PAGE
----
Close Encounters of the Third Kind (1977)
Directed by Steven Spielberg

Artistic & Entertainment Value
* * *

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After several decades of performing rectal probes on countless drunken hillbillies and vagrants, a race of tiny, bug-eyed space aliens have, apparently, decided that they have learned enough about humanity to attempt to communicate with one of Earth's governments. First, however, they need to terrorize the uneducated denizens of one more rural community. In furtherance of this plan, the space monsters fly an armada of their shiny vessels around a small town, bewildering and frightening its simple inhabitants, several of whom, including Roy Neary (Richard Dreyfuss), subsequently become fixated on painting or sculpting images of a mountain none of them have previously seen. Meanwhile, Claude Lacombe (François Truffaut), a French scientist, helps the US military figure out that the space aliens will be landing near the Devil's Tower in Wyoming, which just happens to be the mountain with which Roy and those like him are obsessed.

Steven Spielberg's Close Encounters of the Third Kind is a fun, well made, but horribly overrated film.

In fact, there is not that much I can say about the movie. The acting is generally competent, and often good, but is never brilliant. The production values are always high, but the film's sets, costumes, and images are never inspired by any noticeable aesthetic sensitivity. The script is decently written, but never poetic, clever, or insightful. Close Encounters of the Third Kind is, simply, a well made but forgettable film.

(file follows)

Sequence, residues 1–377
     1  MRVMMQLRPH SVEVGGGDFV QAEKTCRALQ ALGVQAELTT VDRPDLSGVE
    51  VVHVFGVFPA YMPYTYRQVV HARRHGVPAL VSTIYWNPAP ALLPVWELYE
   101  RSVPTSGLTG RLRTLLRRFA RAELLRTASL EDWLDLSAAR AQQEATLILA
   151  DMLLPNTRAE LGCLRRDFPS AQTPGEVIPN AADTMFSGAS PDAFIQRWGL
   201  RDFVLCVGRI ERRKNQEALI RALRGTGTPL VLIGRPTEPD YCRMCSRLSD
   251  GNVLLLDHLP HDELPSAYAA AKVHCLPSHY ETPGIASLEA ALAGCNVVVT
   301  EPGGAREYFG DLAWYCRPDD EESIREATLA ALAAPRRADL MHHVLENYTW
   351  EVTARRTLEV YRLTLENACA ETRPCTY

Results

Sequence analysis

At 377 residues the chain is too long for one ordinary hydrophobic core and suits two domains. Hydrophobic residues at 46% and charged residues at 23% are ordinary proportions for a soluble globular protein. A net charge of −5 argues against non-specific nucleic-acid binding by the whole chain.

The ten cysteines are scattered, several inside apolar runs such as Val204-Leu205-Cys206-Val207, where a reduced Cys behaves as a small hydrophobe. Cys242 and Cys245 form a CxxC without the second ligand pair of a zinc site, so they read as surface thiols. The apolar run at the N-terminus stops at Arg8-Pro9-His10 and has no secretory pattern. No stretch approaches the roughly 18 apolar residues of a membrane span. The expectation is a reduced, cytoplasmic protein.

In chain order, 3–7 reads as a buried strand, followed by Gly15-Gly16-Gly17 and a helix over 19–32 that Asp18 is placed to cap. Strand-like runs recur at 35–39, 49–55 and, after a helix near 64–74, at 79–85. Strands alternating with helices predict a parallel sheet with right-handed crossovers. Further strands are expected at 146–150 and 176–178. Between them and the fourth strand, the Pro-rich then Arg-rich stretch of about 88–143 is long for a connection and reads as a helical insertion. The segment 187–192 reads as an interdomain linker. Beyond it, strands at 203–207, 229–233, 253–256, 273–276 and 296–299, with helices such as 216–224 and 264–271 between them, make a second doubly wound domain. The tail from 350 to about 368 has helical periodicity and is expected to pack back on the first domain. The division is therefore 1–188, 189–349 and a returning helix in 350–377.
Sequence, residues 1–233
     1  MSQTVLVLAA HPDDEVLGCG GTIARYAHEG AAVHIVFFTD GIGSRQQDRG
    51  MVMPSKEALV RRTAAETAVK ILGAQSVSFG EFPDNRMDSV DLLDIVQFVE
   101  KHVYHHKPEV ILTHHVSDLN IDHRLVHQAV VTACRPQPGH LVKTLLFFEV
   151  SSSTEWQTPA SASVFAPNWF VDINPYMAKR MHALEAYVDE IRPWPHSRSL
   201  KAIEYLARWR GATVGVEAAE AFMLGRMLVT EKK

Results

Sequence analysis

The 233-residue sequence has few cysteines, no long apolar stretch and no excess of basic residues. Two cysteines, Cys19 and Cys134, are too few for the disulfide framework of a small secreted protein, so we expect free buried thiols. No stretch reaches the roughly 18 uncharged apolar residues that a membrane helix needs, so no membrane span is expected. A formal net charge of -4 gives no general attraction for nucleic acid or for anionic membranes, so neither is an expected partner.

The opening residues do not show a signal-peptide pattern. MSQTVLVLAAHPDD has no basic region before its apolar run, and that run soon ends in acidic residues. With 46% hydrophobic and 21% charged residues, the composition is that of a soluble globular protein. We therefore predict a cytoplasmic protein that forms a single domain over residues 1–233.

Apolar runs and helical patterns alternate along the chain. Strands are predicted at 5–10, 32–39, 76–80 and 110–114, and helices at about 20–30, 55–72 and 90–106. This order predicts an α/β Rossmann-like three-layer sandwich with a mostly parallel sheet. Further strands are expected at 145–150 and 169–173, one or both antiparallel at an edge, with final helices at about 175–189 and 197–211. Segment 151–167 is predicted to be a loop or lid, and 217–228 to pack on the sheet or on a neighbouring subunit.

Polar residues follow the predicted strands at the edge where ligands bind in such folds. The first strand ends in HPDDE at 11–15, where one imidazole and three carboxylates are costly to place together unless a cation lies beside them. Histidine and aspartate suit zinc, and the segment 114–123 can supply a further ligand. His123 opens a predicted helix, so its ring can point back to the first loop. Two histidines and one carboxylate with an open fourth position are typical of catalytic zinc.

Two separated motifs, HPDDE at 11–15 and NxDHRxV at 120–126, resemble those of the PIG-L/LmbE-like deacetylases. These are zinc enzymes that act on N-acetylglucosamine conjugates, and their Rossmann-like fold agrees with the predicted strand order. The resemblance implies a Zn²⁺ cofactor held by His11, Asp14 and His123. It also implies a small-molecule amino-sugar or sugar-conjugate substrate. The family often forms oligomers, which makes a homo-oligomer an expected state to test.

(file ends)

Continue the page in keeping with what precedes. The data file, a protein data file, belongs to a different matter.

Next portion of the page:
Nevertheless, even though I was never particularly moved by the crises of the movie's characters or by the developments of its story, I did enjoy watching Close Encounters of the Third Kind. Spielberg does tell an entertaining tale that is capable of holding the viewer's interest throughout its duration. I will even go so far as to say that the director is at his best when he is making simple adventure films like this, Jaws, and the Indiana Jones movies. The grating sentimentality and tendency to preach to which he succumbs in his "more serious" films are far less noticeable in these earlier adventures, which, as a consequence, have far fewer flaws than do those later profound works of art.

Unfortunately, while it may not be as irritating as much of what the director would later produce, the movie still does have its weaknesses. For one thing, as is almost always the case with Spielberg's films, Close Encounters of the Third Kind is simultaneously flashy and pedestrian. The special effects are genuinely impressive and well utilized, but they are not particularly inventive. His space monsters, for instance, are merely the pale naked children with big bald heads, big black eyes, and little lipless mouths described by countless wild-eyed abductees. Perhaps I am being unnecessarily contrary, but I would actually have appreciated something different, something a little creative. Be this as it may, whatever the shortcomings of the film's special effects, they are its most memorable component and are accomplished technically.

Close Encounters of the Third Kind may not be much more than a fun adventure, but it is an enjoyable film that is worth watching.

Review by Keith Allen

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